Umbilical Cord is Around Baby's Neck

I am 18 weeks pregnant and my ultrasound showed that the umbilical cord was around my baby's neck. My doctor said not to worry. I can't help feeling uneasy about it. Do I have anything to worry about?


You should not have anything to worry about at this stage of your pregnancy. While it is always possible for undesirable outcomes to occur, we see the cord around the neck at delivery in about thirty percent of all births. In the majority of cases there are no problems. Occasionally there may be some "variable decelerations" on the fetal monitor due to the cord being squeezed or stretched. This slows down blood flow to the baby for a brief time. If conditions worsen you may even need a cesarean to keep the baby healthy. Most babies quickly pass through this stage and normal blood flow resumes, allowing a normal birth.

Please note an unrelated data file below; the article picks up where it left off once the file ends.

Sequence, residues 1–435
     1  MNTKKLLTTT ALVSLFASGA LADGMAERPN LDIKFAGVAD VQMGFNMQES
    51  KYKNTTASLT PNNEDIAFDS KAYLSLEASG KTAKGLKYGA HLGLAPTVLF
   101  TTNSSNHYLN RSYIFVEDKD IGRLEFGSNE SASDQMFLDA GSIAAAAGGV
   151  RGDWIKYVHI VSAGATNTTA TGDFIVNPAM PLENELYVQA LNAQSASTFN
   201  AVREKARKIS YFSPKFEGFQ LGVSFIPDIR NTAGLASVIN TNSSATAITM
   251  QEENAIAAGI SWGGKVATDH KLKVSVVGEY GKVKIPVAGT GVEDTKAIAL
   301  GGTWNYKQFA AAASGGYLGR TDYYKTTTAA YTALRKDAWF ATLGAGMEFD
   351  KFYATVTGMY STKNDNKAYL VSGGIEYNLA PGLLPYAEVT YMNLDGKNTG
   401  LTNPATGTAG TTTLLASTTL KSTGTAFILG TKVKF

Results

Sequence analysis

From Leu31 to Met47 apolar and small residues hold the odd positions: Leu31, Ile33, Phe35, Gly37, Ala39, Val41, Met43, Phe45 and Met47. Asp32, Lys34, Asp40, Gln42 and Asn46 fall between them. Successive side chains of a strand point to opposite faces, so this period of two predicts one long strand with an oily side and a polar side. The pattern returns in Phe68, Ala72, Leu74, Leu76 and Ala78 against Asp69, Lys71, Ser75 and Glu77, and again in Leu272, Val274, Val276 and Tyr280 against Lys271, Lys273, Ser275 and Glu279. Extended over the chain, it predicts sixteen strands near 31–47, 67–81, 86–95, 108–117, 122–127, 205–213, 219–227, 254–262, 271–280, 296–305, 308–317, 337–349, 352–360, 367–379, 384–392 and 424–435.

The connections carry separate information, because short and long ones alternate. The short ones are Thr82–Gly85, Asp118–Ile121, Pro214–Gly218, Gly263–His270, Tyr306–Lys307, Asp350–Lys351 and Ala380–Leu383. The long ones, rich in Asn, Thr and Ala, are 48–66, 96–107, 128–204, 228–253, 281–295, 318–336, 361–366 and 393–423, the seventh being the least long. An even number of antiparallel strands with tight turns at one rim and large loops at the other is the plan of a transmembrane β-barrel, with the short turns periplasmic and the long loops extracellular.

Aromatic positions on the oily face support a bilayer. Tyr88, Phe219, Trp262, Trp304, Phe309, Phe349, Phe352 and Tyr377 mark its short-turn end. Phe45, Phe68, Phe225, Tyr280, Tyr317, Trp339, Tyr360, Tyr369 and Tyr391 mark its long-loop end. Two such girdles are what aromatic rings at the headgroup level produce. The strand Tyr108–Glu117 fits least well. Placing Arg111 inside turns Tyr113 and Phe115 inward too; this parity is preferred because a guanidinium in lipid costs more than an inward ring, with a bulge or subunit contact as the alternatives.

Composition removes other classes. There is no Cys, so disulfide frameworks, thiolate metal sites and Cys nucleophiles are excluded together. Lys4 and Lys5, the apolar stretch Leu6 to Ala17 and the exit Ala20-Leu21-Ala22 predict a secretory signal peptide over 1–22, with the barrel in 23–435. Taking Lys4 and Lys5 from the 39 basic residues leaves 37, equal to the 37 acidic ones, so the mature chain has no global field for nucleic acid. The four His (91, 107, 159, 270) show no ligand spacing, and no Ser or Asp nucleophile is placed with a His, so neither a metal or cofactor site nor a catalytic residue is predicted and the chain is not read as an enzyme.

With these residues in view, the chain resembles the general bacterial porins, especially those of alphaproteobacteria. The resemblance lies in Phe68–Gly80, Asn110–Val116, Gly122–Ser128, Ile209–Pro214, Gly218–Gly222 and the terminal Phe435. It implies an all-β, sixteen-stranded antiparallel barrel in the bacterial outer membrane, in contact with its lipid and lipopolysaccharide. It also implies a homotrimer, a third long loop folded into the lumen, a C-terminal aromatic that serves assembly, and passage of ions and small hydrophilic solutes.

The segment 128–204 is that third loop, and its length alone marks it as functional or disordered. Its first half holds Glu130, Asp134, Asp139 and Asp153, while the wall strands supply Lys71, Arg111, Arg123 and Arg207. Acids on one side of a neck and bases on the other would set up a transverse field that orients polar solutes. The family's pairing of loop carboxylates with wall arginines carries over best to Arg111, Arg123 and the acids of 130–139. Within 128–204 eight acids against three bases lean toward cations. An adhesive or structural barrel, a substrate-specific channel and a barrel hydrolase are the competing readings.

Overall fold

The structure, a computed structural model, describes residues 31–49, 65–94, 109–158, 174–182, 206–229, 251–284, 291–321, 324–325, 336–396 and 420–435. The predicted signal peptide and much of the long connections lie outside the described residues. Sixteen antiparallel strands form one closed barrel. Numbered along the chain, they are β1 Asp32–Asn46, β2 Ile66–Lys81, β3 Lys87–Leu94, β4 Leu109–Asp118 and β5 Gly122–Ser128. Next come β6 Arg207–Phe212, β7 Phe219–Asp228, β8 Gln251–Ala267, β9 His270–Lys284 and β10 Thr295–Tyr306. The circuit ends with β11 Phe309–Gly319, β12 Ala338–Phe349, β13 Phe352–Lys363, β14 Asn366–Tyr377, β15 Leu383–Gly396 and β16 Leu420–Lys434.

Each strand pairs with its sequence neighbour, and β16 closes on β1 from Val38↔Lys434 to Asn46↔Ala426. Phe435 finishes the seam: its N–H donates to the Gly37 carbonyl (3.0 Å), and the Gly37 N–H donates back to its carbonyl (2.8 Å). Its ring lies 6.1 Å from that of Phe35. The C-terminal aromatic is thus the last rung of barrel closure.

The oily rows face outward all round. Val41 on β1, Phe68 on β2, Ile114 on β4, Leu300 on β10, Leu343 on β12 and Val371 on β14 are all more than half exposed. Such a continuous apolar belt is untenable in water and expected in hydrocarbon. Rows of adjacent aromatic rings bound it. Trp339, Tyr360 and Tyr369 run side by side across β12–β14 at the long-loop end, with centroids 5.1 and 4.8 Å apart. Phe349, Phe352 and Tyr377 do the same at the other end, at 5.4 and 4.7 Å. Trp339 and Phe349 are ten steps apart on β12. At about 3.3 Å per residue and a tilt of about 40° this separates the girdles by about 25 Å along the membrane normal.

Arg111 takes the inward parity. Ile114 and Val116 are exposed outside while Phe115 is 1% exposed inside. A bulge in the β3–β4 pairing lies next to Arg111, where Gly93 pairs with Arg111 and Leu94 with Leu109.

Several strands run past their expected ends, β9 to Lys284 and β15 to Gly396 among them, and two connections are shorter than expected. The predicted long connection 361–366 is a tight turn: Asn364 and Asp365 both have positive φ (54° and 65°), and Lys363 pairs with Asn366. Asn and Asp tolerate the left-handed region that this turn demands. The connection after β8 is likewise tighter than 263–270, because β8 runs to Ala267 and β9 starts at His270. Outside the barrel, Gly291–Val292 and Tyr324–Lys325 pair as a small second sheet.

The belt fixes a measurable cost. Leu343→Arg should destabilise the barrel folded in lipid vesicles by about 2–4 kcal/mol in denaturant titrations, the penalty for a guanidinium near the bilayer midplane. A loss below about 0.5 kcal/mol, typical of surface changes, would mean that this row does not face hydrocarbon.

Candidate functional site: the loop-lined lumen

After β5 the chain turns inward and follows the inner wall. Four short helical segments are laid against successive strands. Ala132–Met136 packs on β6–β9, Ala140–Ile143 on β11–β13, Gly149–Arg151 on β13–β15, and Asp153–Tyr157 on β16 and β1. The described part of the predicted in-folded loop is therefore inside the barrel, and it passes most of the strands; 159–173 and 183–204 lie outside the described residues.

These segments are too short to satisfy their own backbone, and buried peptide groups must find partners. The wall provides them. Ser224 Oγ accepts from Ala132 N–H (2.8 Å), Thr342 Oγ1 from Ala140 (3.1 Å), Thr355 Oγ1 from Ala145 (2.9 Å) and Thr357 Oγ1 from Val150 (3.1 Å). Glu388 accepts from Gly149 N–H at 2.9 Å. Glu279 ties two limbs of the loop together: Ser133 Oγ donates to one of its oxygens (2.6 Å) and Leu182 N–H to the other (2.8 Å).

Earlier in pregnancy, the cord gets wrapped around the baby frequently and often unwraps just as frequently. At 18 weeks the cord and baby just float around in the uterus, getting twisted and untwisted easily. There are stories about too much twisting, "cord accidents," multiple loops of cord around the baby, all of which are true but exceedingly rare. While that doesn't help the few families involved, it is extremely rare and there is nothing that can be done to prevent it. One of the concerns that can increase the risk of cord problems is decreased fluid. This doesn't allow the free movement of the baby and cord on and off each other, causing concern about a cord accident. This is not usually of concern in the middle part of pregnancy. Overall, if you can, try not to worry about it, as the likelihood of a problem is no higher than normal. The chance of damaging the baby is very small.

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